Retail super funds more satisfying than ever

Industry superannuation funds in Australia are always ahead of the game in terms of member satisfaction, but maybe not for long. Members of retail super funds, by contrast, have been traditionally less satisfied, especially with financial performance, however in a recent poll, retail super funds were rated at 58.9 per cent. This puts retail funds only slightly below industry super funds, which now sit at 59.6 per cent in the six months to August 2015. This is the smallest gap in the last five years.

Roy Morgan’s Single Source survey asked a staggering 15,525 Australians who hold superannuation their thoughts on their superannuation fund.

The results have varied since 2010, but industry funds have always beaten retail funds for satisfaction. Times are changing, and retail funds are fast catching up. 

The data shows satisfaction from way back in August 2010 was lower for both retail and industry funds, sitting at 47.5 per cent and 53.6 per cent respectively. There was a huge dip in 2012, where satisfaction of both types of super funds bottomed out with the stock market, with retail fund satisfaction hitting the low 40s, and industry funds dipping below the 50 per cent mark late in the year. The gap is closing.

Retail fund satisfaction, the report states, seems to be more sensitive to stock market fluctuations than retail funds. 

The most super dollars are held by a low number of members

The funds held by members are skewed, with 63.5 per cent of members with super balances less than $100,000 holding only 18.6 per cent of the total dollars. Those with balances over $700,000 are just 2.5 per cent of all super members, but they hold 17.5 per cent of the money.

Those with $250,000 or more account for just over half the funds, but are 14.3 per cent of members.

Industry funds are not the favourite of the high-value market ($700,000+). Retail funds score 81.1 per cent satisfaction for these people, with 77.6 per cent for high-value industry fund members. Self-managed super members, however, have the highest satisfaction – 85.8 per cent. This area is where most of the competition for super funds comes from, since those with high balances tend to want more control.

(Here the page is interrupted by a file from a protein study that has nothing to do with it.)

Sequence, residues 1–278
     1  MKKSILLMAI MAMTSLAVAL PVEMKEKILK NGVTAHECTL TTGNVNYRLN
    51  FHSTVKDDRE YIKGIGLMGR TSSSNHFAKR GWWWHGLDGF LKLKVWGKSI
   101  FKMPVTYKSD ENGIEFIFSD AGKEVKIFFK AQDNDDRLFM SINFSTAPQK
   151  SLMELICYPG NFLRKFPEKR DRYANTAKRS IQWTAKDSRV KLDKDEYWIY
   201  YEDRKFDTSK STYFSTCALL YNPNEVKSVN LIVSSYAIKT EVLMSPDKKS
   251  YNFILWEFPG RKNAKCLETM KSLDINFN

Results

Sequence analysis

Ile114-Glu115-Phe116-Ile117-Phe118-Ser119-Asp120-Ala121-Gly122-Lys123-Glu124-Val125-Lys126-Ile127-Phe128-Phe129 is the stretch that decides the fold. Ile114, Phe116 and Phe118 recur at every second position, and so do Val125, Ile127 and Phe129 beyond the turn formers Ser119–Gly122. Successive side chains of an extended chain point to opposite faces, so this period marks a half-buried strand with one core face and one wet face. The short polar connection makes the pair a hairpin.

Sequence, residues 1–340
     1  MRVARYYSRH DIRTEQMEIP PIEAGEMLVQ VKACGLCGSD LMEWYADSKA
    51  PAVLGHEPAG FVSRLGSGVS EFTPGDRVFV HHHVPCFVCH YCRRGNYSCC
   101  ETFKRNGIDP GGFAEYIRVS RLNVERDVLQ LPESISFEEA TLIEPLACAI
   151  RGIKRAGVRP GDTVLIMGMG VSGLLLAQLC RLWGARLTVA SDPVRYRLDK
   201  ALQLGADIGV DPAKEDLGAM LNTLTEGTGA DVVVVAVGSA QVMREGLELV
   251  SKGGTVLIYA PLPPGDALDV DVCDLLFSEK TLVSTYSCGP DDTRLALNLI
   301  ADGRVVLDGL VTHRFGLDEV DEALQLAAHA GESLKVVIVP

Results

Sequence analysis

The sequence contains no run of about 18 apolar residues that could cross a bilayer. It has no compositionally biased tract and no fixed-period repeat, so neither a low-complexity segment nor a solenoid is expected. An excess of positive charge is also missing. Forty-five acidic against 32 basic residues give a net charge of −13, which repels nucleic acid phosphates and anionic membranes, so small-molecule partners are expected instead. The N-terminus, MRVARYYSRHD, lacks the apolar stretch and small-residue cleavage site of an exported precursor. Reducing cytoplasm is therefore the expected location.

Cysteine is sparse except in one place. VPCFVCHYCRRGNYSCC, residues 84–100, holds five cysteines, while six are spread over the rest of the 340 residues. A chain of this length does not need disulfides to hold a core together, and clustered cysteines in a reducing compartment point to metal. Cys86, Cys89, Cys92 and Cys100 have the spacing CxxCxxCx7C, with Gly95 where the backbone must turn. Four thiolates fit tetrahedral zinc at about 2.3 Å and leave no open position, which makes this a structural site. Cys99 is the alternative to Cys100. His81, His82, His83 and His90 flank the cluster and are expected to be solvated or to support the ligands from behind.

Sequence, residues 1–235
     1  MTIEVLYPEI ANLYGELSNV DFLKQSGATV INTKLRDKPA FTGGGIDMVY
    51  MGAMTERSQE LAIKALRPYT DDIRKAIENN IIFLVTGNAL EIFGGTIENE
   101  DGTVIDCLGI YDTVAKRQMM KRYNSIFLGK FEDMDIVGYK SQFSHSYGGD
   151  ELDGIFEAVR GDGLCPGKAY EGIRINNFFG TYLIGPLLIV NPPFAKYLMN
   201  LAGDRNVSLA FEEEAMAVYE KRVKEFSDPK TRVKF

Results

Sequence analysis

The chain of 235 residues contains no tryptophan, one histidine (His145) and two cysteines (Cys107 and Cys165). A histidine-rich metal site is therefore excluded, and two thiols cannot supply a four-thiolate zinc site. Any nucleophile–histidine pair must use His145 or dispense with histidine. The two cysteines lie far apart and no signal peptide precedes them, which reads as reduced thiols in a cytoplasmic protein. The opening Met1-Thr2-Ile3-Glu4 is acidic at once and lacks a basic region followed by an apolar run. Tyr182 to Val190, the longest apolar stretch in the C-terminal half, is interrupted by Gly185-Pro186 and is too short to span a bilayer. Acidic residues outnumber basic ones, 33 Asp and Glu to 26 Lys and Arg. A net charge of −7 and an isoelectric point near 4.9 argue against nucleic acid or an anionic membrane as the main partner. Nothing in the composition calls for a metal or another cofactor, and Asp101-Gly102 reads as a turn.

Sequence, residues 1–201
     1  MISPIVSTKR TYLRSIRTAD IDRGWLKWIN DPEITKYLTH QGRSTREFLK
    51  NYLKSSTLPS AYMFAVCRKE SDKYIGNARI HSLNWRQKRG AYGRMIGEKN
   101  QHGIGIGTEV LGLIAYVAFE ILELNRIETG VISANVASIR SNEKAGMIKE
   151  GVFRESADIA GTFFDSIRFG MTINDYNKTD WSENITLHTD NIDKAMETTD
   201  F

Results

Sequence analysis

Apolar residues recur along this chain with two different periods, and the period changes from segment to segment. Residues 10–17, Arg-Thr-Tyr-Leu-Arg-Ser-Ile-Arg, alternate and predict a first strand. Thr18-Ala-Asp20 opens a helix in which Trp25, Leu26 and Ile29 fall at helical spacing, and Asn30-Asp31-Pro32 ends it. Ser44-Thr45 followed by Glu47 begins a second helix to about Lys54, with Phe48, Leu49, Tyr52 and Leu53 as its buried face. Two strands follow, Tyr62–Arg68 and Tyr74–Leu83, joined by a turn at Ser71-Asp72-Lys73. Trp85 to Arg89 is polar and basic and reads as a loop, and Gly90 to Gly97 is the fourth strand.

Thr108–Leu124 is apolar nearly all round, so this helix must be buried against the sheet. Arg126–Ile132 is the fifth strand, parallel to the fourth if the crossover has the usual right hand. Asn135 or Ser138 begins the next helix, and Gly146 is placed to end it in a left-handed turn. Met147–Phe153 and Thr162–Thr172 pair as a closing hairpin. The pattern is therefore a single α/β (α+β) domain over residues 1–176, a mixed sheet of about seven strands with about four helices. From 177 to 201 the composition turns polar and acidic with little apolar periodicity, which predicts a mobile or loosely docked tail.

How people feel about financial performance of their fund

While those with less than $5,000 and those with over $100,000 (but less than $250,000) had the largest margin in satisfaction levels, other groups had less percentage points between retail and industry funds. The most satisfied with both types of funds were those in the $700,000+ slots.  

The higher your balance, the more satisfied you tend to be no matter which type of fund – retail or industry – funds sit with.

Norman Morris, Roy Morgan Research’s industry communications director, said: ‘With intense competition between retail super funds and industry funds, it is important to understand what fund members think regarding the financial performance of the two groups. It is ultimately the members who will decide where their funds are best directed.

‘Of particular significance is the fact that industry funds have now only got a narrow lead in satisfaction over their retail rivals to the point where their strong market positioning on this has been largely dissipated. It is important to note that both groups face potential losses to self-managed funds from their higher value members if satisfaction levels decline. Currently satisfaction with self-managed funds in the $250,000 and over group is 77.7%, ahead of industry funds (74.0%) and retail funds (72.9%).

‘The relative satisfaction across competitors in the over $250,000 group needs to be closely monitored because they hold over half (52.7%) of all superannuation funds and yet only account for 14.3% of members.’

View the Roy Morgan Research Single Source Survey media release and graphs